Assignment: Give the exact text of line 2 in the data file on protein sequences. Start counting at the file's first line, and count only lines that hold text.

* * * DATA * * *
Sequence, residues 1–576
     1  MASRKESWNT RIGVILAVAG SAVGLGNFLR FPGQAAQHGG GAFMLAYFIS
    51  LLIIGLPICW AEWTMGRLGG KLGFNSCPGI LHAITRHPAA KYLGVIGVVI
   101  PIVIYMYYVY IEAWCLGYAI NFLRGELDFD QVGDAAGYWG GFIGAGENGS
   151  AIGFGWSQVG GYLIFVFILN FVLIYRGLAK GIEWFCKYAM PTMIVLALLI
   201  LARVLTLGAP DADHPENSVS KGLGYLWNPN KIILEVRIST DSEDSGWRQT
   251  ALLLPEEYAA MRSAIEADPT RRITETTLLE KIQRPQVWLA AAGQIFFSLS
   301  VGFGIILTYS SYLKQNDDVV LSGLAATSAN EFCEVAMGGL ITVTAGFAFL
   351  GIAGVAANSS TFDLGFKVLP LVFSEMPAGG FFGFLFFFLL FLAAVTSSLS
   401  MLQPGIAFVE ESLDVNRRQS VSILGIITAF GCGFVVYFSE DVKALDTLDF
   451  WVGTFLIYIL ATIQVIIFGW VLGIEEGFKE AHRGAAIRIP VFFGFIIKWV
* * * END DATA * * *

     1  MASRKESWNT RIGVILAVAG SAVGLGNFLR FPGQAAQHGG GAFMLAYFIS